Astronomers have found the coldest spot in our solar system and it may be a little close for comfort. It's on our moon, right nearby.
This undated image provided by NASA, taken by NASA's Lunar Reconnaissance Orbiter, shows the crater called Faustini, upper, center, on the south pole of the moon, where temperatures reached 397-degrees below zero. Some of those coldest temperatures in the solar system were measured in the crater called Faustini.
NASA's new Lunar Reconnaissance Orbiter is making the first complete temperature map of the moon. It found that at the moon's south pole, it's colder than far away Pluto. The area is inside craters that are permanently shadowed so they never see sun.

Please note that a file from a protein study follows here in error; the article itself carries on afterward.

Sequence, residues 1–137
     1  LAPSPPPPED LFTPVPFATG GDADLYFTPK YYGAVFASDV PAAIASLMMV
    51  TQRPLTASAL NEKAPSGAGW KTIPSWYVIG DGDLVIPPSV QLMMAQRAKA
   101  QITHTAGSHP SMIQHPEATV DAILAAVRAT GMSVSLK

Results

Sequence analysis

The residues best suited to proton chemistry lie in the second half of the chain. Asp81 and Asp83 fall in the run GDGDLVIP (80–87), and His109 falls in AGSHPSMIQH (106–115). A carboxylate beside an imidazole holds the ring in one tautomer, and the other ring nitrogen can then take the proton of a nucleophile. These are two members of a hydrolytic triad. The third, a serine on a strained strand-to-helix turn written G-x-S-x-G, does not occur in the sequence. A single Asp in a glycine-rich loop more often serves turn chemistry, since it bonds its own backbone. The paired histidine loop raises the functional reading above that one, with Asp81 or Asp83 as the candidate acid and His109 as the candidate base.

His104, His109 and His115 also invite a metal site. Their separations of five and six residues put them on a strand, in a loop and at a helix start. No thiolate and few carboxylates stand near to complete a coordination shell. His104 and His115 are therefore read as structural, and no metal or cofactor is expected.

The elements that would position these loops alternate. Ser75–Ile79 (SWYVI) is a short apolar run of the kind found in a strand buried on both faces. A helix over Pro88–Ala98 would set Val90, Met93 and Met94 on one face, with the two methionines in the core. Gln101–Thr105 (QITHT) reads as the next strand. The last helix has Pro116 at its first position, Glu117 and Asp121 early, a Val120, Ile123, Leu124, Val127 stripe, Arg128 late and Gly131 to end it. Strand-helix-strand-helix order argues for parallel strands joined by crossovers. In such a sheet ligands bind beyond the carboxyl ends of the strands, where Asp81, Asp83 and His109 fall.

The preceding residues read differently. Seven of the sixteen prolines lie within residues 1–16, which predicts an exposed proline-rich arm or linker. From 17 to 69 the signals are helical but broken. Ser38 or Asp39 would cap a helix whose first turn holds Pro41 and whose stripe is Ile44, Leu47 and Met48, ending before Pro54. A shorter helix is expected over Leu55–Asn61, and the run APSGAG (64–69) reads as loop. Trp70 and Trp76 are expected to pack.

"It's sort of like a faint glow and that's your only source of heat," said David Paige, a University of California, Los Angeles, scientist who is part of the NASA team. "Right here in our own backyard are definitely the coldest things we've seen in real measurements."
Temperatures there were measured at 397 degrees below zero. That's just 35 degrees higher than the lowest temperature possible.
Pluto is at least a degree warmer even though it is about 40 times farther away from the sun.